The association between GPA2 mutant phenotypes and cAMP signaling has led to the suggestion that yeast adenylyl cyclase is directly activated by the Gα subunit Gpa2p. This situation would be analogous to the direct activation of mammalian adenylyl cyclase by the Gα subunit Gαs. In contrast to this idea, we have shown that the novel proteins Krh1p and Krh2p appear to act immediately downstream of Gpa2p. Moreover, Krh1p and Krh2p require the cAMP-dependent kinase Tpk2p for their signaling function, in agreement with previous observations that show an association between GPA2 and cAMP signaling. Therefore, it seems likely that the effect of Gpa2p on cAMP signaling is mediated by Krh1p and Krh2p. However, overexpression of TPK2 had no effect in cells containing krh1Δ krh2Δ mutations. Therefore, further experiments will be needed to determine whether this result is due to maximal activation of the pathway in krh1Δ krh2Δ cells or to the existence of a complex relationship between Krh1p, Krh2p and Tpk2p.
Krh1p and Krh2p do not display any obvious sequence identity to other known proteins, but they do contain six repeats that display some similarity to kelch repeats (Fig. 6). Kelch repeats are segments of about 50 amino acids that contain a characteristic double glycine motif (Adams et al., 2000). The double glycine is situated C-terminal to four hydrophobic residues and N-terminal to conserved tyrosine and tryptophan residues that are separated from it by spacer regions. The repeats in Krh1p and Krh2p also contain a double glycine motif situated C-terminal to four hydrophobic residues. However, only one of these repeats (Fig. 6, repeat 3) contains the conserved tyrosine and tryptophan residues, and the spacer region between these residues and the double glycine repeat is smaller than that seen in the consensus for kelch repeats. The other repeats are missing either the tyrosine or tryptophan at the appropriate position. Therefore, they can be thought of as variant kelch repeats. The crystal structure of a protein containing seven kelch repeats has revealed that each repeat forms a four-strandedβ -sheet, resulting in a protein that consists of a seven-bladedβ -propeller (Ito et al., 1994). This 3D structure is similar to that of G proteinβ -subunits, which contain seven WD domains that form a seven-bladedβ -propeller (Sondek et al., 1996; Wall et al., 1995). These observations raise the interesting possibility that Krh1p and Krh2p bind to Gpa2p in a manner similar to that by which Gβ subunits bind to Gα subunits. Given that Gpa2p is a positive regulator of the signaling pathway and that Krh1p and Krh2p are negative regulators, it would be predicted that binding of Gpa2p to Krh1p and Krh2p blocks their ability to inhibit downstream steps in the pathway.
The KRH1 gene was identified previously by a mutation that causes cells to continue to grow when incubated in alkaline sporulation medium (Ohkuni and Yamashita, 2000). This medium contains acetate as a carbon source and is limiting for nitrogen, a nutritional condition that induces sporulation in wild-type cells. Previous results have shown that mutational activation of Gpa2p inhibits sporulation to a significant degree (Xue et al., 1998). The finding that a loss-of-function mutation in the KRH1 gene causes cells to continue to divide under conditions that induce sporulation is consistent with our observation that the sporulation efficiency of krh1Δ krh2Δ mutants is very low.
The KRH2 gene was isolated previously as one of 29 genes that encode proteins that interact with the nuclear export factor Crm1p in a two-hybrid assay (Jensen et al., 2000). Although KRH2 was not characterized further in that study, interaction with Crm1p could indicate that Krh2p is capable of nucleocytoplasmic shuttling. It is therefore of interest to note that other proteins involved in cAMP signaling, such as the catalytic and regulatory subunits of cAMP-dependent kinase, localize differentially to the nucleus or cytoplasm in response to different physiological conditions (Griffioen et al., 2000). Differential localization of Krh2p could limit inhibition of the signaling pathway to a particular cellular compartment, providing an additional level of regulation to the pathway.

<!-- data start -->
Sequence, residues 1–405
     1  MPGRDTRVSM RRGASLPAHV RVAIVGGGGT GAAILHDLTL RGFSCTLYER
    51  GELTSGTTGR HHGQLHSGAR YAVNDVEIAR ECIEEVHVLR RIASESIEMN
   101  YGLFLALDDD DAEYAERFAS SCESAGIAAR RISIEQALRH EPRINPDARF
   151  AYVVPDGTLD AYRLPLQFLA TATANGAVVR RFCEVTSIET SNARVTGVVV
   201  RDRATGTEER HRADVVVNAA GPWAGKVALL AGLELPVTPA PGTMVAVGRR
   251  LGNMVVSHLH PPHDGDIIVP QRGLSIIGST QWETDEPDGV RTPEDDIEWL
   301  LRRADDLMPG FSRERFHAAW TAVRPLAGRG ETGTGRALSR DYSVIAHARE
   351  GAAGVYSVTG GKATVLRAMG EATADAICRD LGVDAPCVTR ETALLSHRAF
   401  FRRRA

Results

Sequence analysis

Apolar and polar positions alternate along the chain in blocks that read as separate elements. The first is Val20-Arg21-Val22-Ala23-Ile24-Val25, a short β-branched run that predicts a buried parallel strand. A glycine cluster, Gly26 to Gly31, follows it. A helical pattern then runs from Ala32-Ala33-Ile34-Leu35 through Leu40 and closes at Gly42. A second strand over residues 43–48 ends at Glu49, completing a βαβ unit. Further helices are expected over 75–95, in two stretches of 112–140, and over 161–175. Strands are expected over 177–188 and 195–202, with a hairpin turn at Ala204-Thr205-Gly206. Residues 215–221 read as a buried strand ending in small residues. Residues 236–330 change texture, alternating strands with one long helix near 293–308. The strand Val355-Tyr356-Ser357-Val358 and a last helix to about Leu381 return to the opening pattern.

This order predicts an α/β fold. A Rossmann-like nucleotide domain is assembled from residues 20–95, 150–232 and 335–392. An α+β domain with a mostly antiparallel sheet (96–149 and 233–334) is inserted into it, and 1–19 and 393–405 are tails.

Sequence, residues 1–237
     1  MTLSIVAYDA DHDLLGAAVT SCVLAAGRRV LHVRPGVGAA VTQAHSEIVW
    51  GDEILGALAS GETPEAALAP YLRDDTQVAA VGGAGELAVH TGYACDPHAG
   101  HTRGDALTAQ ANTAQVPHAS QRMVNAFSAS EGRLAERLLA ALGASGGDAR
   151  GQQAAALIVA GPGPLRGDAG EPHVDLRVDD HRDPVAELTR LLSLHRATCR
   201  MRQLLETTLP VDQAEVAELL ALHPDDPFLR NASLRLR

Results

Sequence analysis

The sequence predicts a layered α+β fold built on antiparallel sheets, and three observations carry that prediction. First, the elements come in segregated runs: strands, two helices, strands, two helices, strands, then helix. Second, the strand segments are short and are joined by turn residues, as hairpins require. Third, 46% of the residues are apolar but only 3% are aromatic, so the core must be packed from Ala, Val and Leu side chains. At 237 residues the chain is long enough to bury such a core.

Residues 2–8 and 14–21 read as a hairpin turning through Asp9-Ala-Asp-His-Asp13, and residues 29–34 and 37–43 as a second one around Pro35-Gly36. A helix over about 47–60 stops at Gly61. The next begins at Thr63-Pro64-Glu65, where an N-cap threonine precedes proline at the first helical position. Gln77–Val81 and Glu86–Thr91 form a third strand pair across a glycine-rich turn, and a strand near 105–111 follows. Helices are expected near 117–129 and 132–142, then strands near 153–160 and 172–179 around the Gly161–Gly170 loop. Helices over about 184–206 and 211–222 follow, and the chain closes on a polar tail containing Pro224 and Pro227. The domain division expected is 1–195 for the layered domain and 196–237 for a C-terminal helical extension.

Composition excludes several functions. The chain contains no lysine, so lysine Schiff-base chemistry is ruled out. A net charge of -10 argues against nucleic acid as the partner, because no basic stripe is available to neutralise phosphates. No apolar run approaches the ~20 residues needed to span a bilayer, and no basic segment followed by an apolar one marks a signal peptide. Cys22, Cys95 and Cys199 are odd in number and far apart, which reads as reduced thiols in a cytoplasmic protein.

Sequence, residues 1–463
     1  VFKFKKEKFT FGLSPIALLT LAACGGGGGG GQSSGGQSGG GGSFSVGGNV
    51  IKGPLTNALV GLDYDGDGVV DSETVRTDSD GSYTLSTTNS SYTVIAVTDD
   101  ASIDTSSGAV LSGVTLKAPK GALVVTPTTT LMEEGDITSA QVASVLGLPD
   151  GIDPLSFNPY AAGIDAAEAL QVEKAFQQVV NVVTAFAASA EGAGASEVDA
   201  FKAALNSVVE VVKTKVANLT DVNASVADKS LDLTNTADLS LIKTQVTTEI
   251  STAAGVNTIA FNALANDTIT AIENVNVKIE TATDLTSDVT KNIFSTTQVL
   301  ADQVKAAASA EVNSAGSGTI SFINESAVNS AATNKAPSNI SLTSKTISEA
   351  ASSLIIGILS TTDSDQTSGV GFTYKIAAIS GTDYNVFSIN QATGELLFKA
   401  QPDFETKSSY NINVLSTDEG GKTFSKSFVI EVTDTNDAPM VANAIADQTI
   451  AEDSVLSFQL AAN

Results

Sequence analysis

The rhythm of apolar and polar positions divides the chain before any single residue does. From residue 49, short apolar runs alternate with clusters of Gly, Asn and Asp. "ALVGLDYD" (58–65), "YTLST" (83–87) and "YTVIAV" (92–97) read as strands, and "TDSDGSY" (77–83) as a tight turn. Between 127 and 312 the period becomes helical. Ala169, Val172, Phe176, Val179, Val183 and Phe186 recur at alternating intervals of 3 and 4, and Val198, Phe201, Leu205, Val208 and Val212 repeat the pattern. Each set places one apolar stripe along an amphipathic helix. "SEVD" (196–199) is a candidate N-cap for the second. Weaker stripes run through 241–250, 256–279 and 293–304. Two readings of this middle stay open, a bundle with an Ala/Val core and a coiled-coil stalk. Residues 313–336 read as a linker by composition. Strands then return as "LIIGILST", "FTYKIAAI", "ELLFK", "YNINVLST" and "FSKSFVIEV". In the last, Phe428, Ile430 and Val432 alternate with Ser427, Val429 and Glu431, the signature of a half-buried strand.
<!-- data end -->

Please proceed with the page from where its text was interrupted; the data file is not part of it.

Although it is likely that Krh1p and Krh2p function by transmitting a signal from Gpa2p to downstream components, the pathway that relays this signal to its ultimate physiological targets is not clearly understood. For example, work presented here demonstrates that the Sch9p kinase is not required for the increase in FLO11 RNA that is observed in cells lacking KRH1 and KRH2. However, we have shown previously that SCH9 is required for the increase in heat shock sensitivity conferred by a constitutively active allele of GPA2 (Xue et al., 1998). Other experiments exploring the relationship between SCH9 and GPA2 showed that SCH9 is required for the increase in trehalase activity observed when a nitrogen source is added to cells starved for nitrogen, but that GPA2 is not required for this process (Crauwels et al., 1997; Kraakman et al., 1999). Similarly, GPA2 is required for the increase in cAMP observed when glucose is added to cells starved for glucose, but SCH9 is not required for this process (Colombo et al., 1998; Crauwels et al., 1997). Moreover, double mutant sch9Δ gpa2Δ cells have a much more severe growth defect than either of the single mutants, suggesting that GPA2 and SCH9 function, at least in part, in different pathways (Kraakman et al., 1999; Lorenz et al., 2000). One interpretation of the relationship between SCH9 and GPA2 is that the Sch9p kinase is required only for a subset of the phenotypes associated with activation of Gpa2p. In that case, it would suggest that there are branchpoints in the signaling pathway downstream of Gpa2p. Alternatively, it is possible that Sch9p is required only for signaling through the Gpa2p pathway under particular growth conditions. Such a result would suggest that Gpa2p couples to different downstream components depending on growth conditions.
The uncovering of a novel class of signaling molecules that act downstream of a Gα subunit could have implications for G protein signaling in a wide variety of eukaryotic organisms. A homologue of KRH2 is present in the genome of the yeast Kluyveromyces lactis (Ozier-Kalogeropoulos et al., 1998), and potential homologues also exist in multicellular organisms. It is likely that these KRH1 and KRH2 homologues couple G proteins to downstream signaling components in other organisms. Therefore, further studies of the function of Krh1p and Krh2p in signaling through the Gpa2p pathway have the potential to contribute to the understanding of general mechanisms of G protein signaling.
This work was supported by Grant-In-Aid 9951029T from the American Heart Association, Heritage Affiliate and by grant GM60332 from the National Institutes of Health. We thank P. James and E. Craig for the yeast two-hybrid libraries and C. Denis, A. Dranginis, D. van Dyk, I. Pretorius, S. Garrett, S. Palecek, S. Kron, L. Robertson and G. Fink for plasmids and strains used in this work. We thank K. Ray for identification of the repeat sequences in KRH1 and KRH2 and R. Kelso and L. Cooley for helpful comments on the repeat sequences. We also thank Alina Toma for excellent technical assistance. Microscopy was performed in the Mount Sinai Microscopy Shared Resources Facility with the help of Scott Henderson.
- Accepted November 11, 2002.
- © The Company of Biologists Limited 2003